As dental professionals, many of us act as motivational speakers. We influence and educate our office staff and fellow students. We reduce patient anxiety and explain why treatment is recommended. We even inspire ourselves to take continuing education and learn about new dental technologies. This type of communication can be used to stimulate change or simply encourage others. Motivational speaking is a skill that anyone can improve with practice and guidance. In her article “The Key Components of a Motivational Speech,” Laura Woods describes four basic techniques to engage your listeners.
This year has been an exciting one. Some students were accepted to dental school. Some students graduated dental school. Some passed boards. Some did their first procedures on real patients. And some made videos.
I am a huge advocate for video—especially the type that UCLA ASDA is making as a part of their predental video series—but when dental school gets tough, sometimes you just gotta shake it off and break it down.
As the last Media Monday post of the year, I thought it would be appropriate to look back at all of the not-so-dental related videos that have been made and highlight the fun that can be had while in dental school. And so, without further ado, I give you the top Dental School Music Videos of 2014.
A smile matters a lot, perhaps more than you think. In a recent TEDx talk, Dr. Steven Lin, reports that “smiling has been shown to decrease blood pressure, boost your immune system, and release mood-lifting endorphins.” Thus, when someone is unable to smile, due to either dental disease or tooth loss, their self-esteem and overall well-being are negatively affected. Why then does society often separate oral health from general health? After all, the mouth is the gateway to the rest of the body. Dr. Lin proposes that by changing the way we think and talk about oral health, we can break society’s culture of dental disease.
Crows feet… wrinkles… frown lines… just thinking about these natural parts of aging gives me anxiety! Botox is probably one of the first remedies that comes to mind as a solution to the effects of aging. And if you think you’re alone in the stress of aging, you’re wrong! The demand for cosmetic procedures and surgery has skyrocketed in the past decade. According to a review by the American Society of Plastic Surgeons, “Botox injections jumped 700 percent since 2000”. Wouldn’t it be great if patient acceptance of dental treatment jumped by those statistics?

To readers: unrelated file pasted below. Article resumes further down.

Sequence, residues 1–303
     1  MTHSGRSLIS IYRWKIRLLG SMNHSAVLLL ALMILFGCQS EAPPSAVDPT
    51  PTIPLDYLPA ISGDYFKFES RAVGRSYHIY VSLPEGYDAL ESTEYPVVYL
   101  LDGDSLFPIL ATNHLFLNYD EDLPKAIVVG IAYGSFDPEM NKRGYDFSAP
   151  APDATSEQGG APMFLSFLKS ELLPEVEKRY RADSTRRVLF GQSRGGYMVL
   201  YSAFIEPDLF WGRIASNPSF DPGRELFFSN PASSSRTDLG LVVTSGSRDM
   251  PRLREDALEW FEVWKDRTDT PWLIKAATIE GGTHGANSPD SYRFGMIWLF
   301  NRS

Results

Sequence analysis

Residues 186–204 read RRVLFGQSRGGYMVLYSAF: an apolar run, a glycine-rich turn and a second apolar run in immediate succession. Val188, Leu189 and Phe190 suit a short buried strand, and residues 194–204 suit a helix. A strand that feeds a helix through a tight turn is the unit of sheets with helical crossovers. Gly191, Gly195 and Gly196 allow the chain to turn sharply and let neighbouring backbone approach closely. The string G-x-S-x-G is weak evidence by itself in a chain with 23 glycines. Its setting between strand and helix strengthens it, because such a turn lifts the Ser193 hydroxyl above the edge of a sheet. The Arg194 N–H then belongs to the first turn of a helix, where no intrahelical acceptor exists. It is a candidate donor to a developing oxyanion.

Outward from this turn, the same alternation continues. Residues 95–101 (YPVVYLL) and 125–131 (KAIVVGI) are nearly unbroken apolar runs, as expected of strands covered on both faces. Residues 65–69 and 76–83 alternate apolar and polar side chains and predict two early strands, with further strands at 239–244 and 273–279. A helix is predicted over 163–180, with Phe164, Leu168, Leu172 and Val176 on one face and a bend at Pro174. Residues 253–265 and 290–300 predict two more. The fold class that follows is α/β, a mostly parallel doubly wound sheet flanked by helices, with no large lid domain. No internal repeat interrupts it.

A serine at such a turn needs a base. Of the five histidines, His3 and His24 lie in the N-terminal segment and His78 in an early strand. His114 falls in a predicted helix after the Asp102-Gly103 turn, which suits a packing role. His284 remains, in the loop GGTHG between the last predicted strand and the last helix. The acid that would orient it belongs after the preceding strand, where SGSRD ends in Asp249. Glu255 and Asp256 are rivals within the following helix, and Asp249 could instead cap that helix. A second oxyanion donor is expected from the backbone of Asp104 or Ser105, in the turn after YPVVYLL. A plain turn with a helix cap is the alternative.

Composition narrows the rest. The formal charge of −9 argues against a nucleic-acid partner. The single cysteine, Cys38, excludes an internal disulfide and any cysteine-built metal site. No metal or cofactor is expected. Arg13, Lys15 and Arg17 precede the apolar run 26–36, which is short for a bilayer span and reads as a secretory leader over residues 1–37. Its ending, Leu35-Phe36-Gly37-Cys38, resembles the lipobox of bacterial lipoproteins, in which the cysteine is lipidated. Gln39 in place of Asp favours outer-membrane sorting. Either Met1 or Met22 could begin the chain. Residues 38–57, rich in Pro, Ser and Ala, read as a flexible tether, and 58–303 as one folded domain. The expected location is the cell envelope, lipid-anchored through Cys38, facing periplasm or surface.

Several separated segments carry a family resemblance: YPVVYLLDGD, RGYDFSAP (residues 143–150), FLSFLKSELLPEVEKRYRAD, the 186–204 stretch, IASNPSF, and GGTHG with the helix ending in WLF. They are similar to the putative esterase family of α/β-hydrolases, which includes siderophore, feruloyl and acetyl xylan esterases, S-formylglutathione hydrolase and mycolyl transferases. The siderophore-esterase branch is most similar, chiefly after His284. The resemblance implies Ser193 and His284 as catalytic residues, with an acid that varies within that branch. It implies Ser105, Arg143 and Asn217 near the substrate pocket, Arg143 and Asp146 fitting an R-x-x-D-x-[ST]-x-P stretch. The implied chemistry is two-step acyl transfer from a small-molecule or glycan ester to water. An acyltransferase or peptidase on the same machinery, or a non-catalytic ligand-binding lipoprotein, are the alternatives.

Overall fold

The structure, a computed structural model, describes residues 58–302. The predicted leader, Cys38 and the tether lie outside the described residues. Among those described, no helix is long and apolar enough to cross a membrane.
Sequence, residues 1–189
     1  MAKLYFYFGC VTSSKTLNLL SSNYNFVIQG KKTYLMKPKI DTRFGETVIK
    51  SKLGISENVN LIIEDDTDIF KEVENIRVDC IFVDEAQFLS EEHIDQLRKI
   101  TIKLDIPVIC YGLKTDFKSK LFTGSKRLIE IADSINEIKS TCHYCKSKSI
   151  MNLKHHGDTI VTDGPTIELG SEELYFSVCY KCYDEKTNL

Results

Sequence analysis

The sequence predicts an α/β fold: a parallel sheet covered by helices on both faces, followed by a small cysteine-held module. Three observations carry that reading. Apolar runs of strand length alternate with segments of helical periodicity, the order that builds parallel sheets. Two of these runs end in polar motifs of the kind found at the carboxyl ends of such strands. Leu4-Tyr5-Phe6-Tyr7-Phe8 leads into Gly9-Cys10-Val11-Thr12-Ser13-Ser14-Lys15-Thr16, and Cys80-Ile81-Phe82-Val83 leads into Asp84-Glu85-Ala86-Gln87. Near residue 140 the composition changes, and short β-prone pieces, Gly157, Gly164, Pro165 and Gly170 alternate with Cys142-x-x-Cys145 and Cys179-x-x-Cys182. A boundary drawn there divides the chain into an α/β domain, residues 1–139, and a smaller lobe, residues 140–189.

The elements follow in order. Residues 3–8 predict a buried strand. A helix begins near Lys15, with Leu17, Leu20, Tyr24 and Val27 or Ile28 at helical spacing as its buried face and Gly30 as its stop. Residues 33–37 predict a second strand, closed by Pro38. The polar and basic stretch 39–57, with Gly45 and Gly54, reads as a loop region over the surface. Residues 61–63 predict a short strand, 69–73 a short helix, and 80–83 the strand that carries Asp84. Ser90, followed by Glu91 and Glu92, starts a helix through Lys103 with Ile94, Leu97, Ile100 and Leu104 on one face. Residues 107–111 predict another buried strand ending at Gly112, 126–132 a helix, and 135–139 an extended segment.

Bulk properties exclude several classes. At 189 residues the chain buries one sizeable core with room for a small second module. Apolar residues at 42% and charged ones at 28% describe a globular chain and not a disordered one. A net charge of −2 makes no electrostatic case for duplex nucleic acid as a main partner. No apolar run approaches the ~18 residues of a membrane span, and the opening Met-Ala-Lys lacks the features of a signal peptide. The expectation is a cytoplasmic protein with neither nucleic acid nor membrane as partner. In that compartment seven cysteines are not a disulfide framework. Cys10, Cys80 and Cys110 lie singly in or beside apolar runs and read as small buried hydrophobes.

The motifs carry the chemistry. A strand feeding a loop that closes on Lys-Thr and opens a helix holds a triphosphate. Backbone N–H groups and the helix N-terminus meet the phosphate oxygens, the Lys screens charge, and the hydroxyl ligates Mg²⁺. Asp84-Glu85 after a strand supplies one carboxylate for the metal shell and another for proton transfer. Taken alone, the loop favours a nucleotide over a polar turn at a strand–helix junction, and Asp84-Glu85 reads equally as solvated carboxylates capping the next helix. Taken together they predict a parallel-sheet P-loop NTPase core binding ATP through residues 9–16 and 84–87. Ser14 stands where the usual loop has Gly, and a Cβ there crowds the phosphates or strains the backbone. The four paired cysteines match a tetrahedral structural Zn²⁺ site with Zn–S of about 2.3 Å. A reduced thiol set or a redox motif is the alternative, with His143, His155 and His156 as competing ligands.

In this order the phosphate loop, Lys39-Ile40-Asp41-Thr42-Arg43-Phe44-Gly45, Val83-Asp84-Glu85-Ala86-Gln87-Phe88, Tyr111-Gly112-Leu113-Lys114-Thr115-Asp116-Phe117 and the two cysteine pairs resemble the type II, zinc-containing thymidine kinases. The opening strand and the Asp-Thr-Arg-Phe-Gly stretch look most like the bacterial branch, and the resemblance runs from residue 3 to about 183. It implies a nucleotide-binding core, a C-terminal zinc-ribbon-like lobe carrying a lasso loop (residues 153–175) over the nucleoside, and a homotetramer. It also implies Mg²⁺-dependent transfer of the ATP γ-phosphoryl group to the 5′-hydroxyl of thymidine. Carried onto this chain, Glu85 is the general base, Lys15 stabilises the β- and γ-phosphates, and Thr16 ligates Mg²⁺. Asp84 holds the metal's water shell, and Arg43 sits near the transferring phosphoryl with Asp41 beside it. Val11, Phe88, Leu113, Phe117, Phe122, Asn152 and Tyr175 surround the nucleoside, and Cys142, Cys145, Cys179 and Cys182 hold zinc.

But what does this have to do with dentistry?
Gone are the days of how-to books and manuals. Technology has given DIY (do it yourself)-driven people the option to ditch paper resources and utilize the power of the index finger to click, scroll, and select videos on websites like YouTube and Vimeo to learn how to accomplish certain tasks. Taking it a step further, some self-proclaimed home-based professionals believe they can save money here and there by doing repairs and fixes on their own instead of having trained professionals to solve the problem. True to the definition of “DIY”, Grant Hearn took home dental care to another level in TLC’s Extreme Cheapskates. Read more to see how he performed oral surgery on his wife…
We have all heard the adage that “a picture is worth a thousand words.” This saying refers to the idea that a large amount of information can be communicated through a single image. This concept is one of the reasons why I believe that PowerPoint presentations are such a popular teaching tool. Well, if a picture is worth a thousand words, then I believe a video is worth a thousand pictures—and at 30 frames per second (which is a standard frame rate in television and digital cinema), a 30 second video literally can be. The power of a video cannot be overstated.
One of my favorite courses at UT Houston was the study of implantology. I had originally though implants to be new technology relying on sophisticated materials and techniques. In fact, the practice of replacing teeth was actually attempted as early as 400 B.C.! Civilizations in Egypt, South America and China are now known to have used materials such as stone, ivory, wood, seashells, animal and cadaver teeth, and gold to fill the holes in their mouths. I don’t know about you, but placing a sharp piece of anything into my jaw bone sounds less than desirable. Yet, all over the world archeologists are finding examples of humans practicing ancient dentistry.